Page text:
Excellent resource – Encouraging insects in your garden

This topic contains 2 replies, has 3 voices, and was last updated by  joanna 6 years, 1 month ago.

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  • #33572

    Jacqui
    Keymaster

    During 2010 members of the Auckland Branch of the Entomological Society of New Zealand were consulted about ways by which insects and other invertebrates could be encouraged in gardens.

    Firstly they asked what kinds of insects should be encouraged and which should be discouraged. This revealed that some insects could be both desirable or undesirable according to the aims of the gardener. For example the Chinese paper wasp, Polistes chinesis (Hymenoptera: Vespidae) is desirable as a biological agent for caterpillars feeding on vegetables and flowers, but is undesirable for people wishing to encourage monarch butterflies.

    http://ento.org.nz/tools-and-resources-2/garden-insects/

    In order to encourage insects and other invertebrates its necessary to provide both food and suitable places for them to live. Basically this requires creating diversity of plants and kinds of habitat. The document on their website (above) provides ideas about how to do this.

    If you have any additional suggestions please contact Nick Martin (Nicholas.Martin@plantandfood.co.nz).

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  • #33582

    joanna
    Participant

    Indeed… well put Norm. I feel kindly disposed towards praying mantids (the NZ natives that is!) and don’t regard them as a pest. If I find them near my nettles or swan plants i just move them to where I would prefer them to carry out their work! However I would love to be able to track down and eradicate the wasps (German or common) which are in large numbers here in the garden this summer. I learned a hard lesson with them last week as I was late getting my second crop of U. Urens covered with netting after finding quite a few admiral caterpillars on them. To my dismay the wasps were busy hunting out the caterpillars and were completely undeterred by my swiping at them with a stick. They just kept returning time and time again and managed to carry off caterpillars before I could get the netting over the plants. The remaining ones are now safely in the caterpillar castle!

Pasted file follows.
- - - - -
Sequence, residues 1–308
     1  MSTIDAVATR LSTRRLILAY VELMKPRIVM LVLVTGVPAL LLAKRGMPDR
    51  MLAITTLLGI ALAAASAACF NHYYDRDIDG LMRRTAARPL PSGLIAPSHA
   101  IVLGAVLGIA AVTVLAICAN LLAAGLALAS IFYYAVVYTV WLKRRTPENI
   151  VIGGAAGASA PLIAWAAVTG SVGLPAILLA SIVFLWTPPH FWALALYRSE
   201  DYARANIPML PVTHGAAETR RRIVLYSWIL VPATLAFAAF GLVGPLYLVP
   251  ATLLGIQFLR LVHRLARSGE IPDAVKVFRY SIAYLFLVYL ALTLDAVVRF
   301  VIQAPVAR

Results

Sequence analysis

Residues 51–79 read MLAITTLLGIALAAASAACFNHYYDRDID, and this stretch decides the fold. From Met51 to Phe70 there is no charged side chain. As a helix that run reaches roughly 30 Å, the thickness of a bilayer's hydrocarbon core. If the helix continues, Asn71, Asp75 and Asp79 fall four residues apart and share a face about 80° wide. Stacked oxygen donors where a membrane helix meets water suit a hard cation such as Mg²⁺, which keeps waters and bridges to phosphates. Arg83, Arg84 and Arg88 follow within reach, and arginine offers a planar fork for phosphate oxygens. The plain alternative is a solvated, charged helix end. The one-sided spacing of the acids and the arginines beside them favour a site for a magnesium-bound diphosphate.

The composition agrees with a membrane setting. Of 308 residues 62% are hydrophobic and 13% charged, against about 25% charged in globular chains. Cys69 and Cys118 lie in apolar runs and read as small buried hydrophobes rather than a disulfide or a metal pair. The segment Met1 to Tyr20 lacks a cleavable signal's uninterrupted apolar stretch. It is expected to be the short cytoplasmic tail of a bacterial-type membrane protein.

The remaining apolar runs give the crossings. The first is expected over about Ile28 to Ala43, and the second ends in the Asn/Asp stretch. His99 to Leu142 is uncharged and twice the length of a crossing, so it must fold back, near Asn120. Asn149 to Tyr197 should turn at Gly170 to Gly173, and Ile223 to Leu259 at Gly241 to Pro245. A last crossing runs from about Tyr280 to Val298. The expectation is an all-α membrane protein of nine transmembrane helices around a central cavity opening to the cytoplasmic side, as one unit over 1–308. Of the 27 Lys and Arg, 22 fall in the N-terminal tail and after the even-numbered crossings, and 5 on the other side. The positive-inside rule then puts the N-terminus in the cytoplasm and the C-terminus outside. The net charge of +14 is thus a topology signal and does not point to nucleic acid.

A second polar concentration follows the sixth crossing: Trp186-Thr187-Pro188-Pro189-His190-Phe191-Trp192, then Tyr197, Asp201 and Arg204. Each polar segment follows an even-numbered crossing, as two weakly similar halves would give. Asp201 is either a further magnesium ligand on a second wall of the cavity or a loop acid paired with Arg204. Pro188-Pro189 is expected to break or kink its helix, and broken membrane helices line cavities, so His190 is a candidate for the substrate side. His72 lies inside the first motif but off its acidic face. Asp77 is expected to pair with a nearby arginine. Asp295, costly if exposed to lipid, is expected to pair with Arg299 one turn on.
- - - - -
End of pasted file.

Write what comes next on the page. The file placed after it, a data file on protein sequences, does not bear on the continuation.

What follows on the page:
#33581

    NormTwigge
    Keymaster

    The problem of trying to keep your garden free of “undesirable” creatures depends on your interests.  My problem at home was birds, I love to see the fantails, silver eyes and tui coming and going in my garden, but the blackbirds and thrushes were a problem, taking my ripe blueberries, strawberries, and now the grapes that are ripening.  So rather than try to discourage the blackbirds and thrushes it was easier to place a mesh covered frame over the strawberries and blueberry bushes and cover the grape vine with a fine mesh net  – – -problem solved.   OK the odd one or two berries or grapes get filched by enterprising birds that figure out clever ways of reaching through the mesh, but I don’t begrudge them the odd one as they do a great job of ridding other pests such as slugs and snails.  Raising caterpillars is similar, rather than trying  to exclude or kill the “pests’ in your garden that predate the caterpillars just protect the caterpillars by using frames or nets over the hostplants.  The odd caterpillar may still get taken but the majority will be safe, remember those predators will also help keep down spiders and  cabbage white caterpillars on the garden veges, and still help to maintain a balance in nature.

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